South Korea has an icebreaker and a polar research program with a station at Ny-Alesund. It has applied for observer status in the Arctic Council. Soon, it may also build a liquefied natural gas (LNG) terminal in the Northwest Territories.
This past January, executives from the Korean Gas Corp. (KOGAS) visited Inuvik, NWT to consider the possibility of building a terminal in Cape Bathurst, located northeast of the Umiak SDL 131 gas field in the Mackenzie Valley Delta. Canada’s MGM Energy has a 60% stake in the field, which is estimated to hold 328 billion cubic feet (bcf) of LNG. In December 2010, KOGAS bought 1/3 of that stake, or 109 bcf, for $30 million, giving it 20% ownership of the field. This energy deal – the first ever in the Arctic by a South Korean corporation – will provide the country with 1.45 million tonnes of LNG, which equals approximately 5% of the country’s annual imports. South Korea is second in the world in terms of LNG imports, after Japan. KOGAS is planning to begin exporting the gas from the Umiak field in 2020.
A statement from Korea’s Ministry of Knowledge Economy read, “This investment by KOGAS is significant as it is the first resource development in the North Pole by a South Korean firm, which will establish a bridgehead to enter the promising frontier.”
In an article by the Globe and Mail, the mayor of Tuktoyaktuk, Mervin Gruben, “They were even willing to help us get natural gas into Tuktoyaktuk…Our own government can’t do that, but a foreign country wants to help us. They’re good people.” The mayor’s statement reveals how many Northerners view Ottawa with disdain, as it is perceived as shoving aside day-to-day concerns of residents in favor of big, headline-grabbing expenditures on military sovereignty. To top that off, the Mackenzie Valley Pipeline project has been in the works for decades, but it is still doubtful whether the pipeline will ever be laid. As such, the Koreans are considering an alternative production strategy: converting the gas to LNG, and then shipping it to their country from an LNG terminal. If the plan is successful, this could further discourage construction of the pipeline. Transporting it from an existing facility could be seen as a no-brainer, rather than building more expensive infrastructure when the price of gas is so low. Indeed, some have championed the construction of an LNG terminal near the Delta for years. Additionally, the gas could reach more markets via ships instead of a fixed pipeline. Of course, even if an LNG gas terminal is built, it would not be for several years – but neither would the MVP. But the construction and operation of a terminal would certainly be a boon to the territory.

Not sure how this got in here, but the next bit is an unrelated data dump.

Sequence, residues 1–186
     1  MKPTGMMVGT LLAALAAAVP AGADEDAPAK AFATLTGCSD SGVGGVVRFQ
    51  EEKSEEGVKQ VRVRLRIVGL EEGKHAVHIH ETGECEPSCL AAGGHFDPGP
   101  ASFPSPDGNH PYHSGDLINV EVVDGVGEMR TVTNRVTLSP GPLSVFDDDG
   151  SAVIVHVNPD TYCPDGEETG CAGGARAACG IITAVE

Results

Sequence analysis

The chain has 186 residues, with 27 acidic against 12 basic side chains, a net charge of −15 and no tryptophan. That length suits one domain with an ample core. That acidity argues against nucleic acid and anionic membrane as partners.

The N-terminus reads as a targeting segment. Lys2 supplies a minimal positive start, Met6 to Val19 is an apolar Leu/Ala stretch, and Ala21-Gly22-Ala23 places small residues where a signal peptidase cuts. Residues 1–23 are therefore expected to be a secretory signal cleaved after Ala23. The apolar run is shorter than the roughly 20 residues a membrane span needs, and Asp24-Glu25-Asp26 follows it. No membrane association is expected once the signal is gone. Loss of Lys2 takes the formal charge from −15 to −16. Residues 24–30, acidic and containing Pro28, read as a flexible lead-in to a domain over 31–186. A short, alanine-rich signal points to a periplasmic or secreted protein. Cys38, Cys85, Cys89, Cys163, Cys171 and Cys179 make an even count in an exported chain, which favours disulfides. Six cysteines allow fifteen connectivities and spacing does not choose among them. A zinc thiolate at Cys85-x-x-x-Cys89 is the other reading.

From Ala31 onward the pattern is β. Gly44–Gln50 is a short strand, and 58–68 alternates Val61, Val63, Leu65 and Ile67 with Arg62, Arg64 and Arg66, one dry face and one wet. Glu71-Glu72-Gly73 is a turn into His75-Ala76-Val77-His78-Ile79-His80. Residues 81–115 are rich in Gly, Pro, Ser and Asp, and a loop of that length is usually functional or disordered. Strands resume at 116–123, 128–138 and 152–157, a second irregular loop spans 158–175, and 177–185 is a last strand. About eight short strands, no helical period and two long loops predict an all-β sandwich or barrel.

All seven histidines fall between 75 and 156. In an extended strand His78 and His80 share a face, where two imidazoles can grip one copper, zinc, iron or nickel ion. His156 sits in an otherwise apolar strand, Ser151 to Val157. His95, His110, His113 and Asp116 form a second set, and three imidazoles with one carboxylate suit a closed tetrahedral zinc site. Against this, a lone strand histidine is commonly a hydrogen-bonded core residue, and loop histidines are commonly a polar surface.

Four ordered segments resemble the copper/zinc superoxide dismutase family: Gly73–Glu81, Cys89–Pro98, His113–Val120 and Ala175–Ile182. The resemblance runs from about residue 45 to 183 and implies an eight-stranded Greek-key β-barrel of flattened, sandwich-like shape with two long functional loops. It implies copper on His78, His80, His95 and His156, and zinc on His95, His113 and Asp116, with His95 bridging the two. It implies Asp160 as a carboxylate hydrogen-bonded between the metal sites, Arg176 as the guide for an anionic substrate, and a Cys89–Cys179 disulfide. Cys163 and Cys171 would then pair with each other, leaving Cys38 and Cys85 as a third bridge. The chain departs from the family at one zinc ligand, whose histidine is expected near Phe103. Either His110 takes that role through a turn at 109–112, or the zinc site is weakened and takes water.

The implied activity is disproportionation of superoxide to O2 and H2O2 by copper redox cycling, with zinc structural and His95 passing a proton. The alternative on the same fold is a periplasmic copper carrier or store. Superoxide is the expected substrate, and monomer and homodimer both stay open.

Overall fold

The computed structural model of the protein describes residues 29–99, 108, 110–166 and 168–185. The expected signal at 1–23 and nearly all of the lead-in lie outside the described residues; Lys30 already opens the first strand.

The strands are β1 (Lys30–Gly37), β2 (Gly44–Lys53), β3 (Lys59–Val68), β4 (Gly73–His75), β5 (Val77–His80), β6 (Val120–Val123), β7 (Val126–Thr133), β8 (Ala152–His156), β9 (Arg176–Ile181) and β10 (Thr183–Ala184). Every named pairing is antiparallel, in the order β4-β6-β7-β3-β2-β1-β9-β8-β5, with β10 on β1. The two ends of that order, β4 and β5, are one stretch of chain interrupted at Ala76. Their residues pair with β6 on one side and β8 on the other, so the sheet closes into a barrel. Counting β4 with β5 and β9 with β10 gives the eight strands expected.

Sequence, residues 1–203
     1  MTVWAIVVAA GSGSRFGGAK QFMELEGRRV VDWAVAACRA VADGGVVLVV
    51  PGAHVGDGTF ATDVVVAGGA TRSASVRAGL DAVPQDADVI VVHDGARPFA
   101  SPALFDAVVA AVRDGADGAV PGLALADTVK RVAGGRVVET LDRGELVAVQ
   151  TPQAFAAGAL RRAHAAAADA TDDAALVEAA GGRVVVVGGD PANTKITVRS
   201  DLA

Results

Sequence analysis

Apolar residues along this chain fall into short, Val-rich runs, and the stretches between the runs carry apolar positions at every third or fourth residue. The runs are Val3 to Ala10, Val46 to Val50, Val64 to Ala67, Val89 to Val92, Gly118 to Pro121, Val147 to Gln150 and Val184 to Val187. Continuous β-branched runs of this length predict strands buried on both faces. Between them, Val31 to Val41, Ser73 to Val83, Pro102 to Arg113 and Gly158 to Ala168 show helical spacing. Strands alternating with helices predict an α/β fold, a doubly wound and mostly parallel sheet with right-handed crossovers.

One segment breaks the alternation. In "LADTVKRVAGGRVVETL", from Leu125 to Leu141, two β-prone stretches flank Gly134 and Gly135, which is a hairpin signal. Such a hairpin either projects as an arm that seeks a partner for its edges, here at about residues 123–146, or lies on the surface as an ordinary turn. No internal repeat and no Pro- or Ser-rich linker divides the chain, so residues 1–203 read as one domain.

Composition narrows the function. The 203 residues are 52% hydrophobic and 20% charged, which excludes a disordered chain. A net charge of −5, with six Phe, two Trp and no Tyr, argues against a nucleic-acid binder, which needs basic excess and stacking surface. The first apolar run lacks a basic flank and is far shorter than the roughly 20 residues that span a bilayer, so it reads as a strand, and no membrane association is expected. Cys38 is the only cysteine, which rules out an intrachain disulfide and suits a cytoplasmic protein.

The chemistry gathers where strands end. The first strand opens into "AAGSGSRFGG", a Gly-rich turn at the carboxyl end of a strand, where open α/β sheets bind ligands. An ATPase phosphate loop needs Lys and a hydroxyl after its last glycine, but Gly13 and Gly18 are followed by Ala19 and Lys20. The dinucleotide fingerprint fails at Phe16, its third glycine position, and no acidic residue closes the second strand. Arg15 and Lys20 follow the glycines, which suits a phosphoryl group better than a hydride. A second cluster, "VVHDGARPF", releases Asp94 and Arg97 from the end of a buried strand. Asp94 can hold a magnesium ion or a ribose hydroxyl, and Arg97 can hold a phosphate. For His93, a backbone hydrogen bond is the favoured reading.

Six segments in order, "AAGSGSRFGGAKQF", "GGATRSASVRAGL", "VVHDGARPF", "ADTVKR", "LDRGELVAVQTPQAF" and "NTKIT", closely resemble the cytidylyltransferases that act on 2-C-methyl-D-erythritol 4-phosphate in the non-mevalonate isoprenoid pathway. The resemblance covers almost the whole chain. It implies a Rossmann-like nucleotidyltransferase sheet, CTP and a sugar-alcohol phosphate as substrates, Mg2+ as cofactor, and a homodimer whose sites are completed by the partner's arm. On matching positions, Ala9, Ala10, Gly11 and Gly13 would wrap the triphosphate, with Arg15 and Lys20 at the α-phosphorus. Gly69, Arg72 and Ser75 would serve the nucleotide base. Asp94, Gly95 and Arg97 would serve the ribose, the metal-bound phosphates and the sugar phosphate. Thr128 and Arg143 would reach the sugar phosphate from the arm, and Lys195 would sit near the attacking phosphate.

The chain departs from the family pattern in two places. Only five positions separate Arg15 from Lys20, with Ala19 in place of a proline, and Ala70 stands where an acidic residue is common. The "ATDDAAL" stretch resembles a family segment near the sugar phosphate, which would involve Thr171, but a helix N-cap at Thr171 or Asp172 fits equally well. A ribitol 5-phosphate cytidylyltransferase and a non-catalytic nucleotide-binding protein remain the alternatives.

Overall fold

The logistics of shipping LNG out of Cape Bathurst year-round have yet to be worked out. One, as the Globe and Mail article points out, a new type of icebreaker would have to be built that could withstand multi-year sea ice. This would cost $700 million and would be a much stronger and more advanced icebreaker than what the Canadians have on hand. In comparison, the Koreans’ existing research icebreaker, the Araon, which began operating in 2010, cost 108 billion won (approximately $100 billion) to build. It has a 3.9 centimeter thick prow and stern, whereas a ship capable of carrying LNG in all four seasons would need a 10-centimeter thick hull. Yet South Korea already has the expertise necessary to construct such an icebreaker. Not only did Samsung Heavy Industries help to construct the Araon: it also built three icebreakers able to break through 1.5 meters of ice for Russia’s Sovcomflot shipping company. These tankers are used for shipping crude oil from Lukoil’s Varandey terminal on the Pechora Sea to Murmansk, from where the oil is shipped out to different locations in Europe and the United States. In 2004, 11 of the 17 ice-class tankers ordered that year around the world were placed with SHI, giving it a 65% share of the global market. In 2005, the CEO of SHI said,
“”The polar region-running icebreaking tanker market is a blue ocean for us. We will further strive to take lead in the icebreaking LNG ship construction market as another alternative for crude oil transportation ships.”
Second, shipping the LNG would require breaking through sea ice above Alaska, which could prove controversial. The icebreaker would then sail down through the Bering Strait to South Korea.
Korea’s geographical location from the Arctic may be relatively far, but its interests are clear. Whereas other countries are concerned with sovereignty and militarization, Korea merely seeks a stable political and regulatory environment so that it can export resources from the region and build ships for that very activity. Melting ice might help its plans, too. In a way, Korea’s plans for the Arctic benefit from the country’s clarity of purpose in the region. Whereas other countries like Canada, the U.S., and Denmark must balance the interests local and national governments, indigenous peoples, industry, and environmentalists, Korea simply sees the Arctic as a space for scientific research and economic development.
“South Koreans eye Arctic LNG shipments,” Globe and Mail
“Canada: KOGAS to buy stake in Arctic gas reserves from MGM Energy,” Energy-pedia
“KOGAS buys 20% stake in MGM Energy’s Canadian Arctic gas reserve,” Gas Matters Today
“SHI makes inroad to icebreaking tanker market,” Samsung Heavy Industries
“LNG option puts Mackenzie at a disadvantage,” Edmonton Journal
South Korea’s growing role in Arctic economic development